Former New York City Marathon Race Director Allan Steinfeld, W2TN, of Bowers, Pennsylvania — considered a founding father of the modern running movement — died on January 24. He was 70.
“Allan was one of the great pioneers in road race administration, developing many of the protocols required for a successful big-time event,” said Dave Katz, the technical director for the International Association of Athletics Federations (IAAF), USA Track & Field, and many marathons, in a Runner’s World obituary.
Amateur Radio has had a significant role in supporting New York City Marathon communications since the 1970s, when Steve Mendelsohn, W2ML (then WA2DHF, now SK), later ARRL First Vice President, began organizing a cadre of ham radio volunteers.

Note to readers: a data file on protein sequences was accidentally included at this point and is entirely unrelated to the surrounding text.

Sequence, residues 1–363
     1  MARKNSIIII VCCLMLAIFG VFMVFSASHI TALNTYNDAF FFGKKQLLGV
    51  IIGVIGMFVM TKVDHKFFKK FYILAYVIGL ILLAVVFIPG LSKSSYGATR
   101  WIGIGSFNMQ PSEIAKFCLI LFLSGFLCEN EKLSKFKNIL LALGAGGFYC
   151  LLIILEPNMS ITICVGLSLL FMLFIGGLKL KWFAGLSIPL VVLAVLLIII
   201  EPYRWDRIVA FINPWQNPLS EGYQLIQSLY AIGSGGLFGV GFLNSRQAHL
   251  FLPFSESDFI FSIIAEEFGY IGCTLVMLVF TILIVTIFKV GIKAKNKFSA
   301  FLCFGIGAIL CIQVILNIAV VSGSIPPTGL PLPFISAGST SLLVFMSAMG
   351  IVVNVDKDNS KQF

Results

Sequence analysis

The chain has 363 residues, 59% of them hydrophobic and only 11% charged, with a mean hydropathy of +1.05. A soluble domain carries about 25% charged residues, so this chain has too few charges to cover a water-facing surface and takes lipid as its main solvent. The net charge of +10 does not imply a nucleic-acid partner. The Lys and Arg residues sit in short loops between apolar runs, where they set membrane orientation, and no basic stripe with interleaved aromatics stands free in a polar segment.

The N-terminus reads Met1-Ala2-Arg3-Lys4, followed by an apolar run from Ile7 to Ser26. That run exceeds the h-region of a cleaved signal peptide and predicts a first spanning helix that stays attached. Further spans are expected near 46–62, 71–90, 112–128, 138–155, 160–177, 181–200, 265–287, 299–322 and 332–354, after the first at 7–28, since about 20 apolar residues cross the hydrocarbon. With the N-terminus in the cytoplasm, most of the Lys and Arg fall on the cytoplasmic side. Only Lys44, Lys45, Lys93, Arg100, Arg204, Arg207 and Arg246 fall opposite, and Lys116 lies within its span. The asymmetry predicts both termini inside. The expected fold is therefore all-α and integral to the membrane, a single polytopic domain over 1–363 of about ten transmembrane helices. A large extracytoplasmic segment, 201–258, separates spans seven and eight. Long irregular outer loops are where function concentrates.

An ARRL member, Steinfeld was licensed in 1959. He had held the call signs WA2IUQ and KL7HIR over the years, and chose W2TN after upgrading to Amateur Extra.
Steinfeld got to know legendary New York City Marathon Director Fred Lebow in the early years of the event, joining the New York Road Runners Club, as it was then known, serving as race timekeeper, eventually becoming Lebow’s assistant, and, in 1994, its president and CEO. He stepped down in 2005 for health reasons.
As his obituary in Runner’s World explained, “Timing, scoring, start and finish-line systems, radio communications, computer technology, crowd control, elite pack management: In all those Steinfeld proved to be an innovative technical genius. If Lebow was the visionary Columbus of the modern city marathon, it was Steinfeld who designed and built the ship, navigated and steered it, repaired and technically updated it, even as it crossed unknown seas.”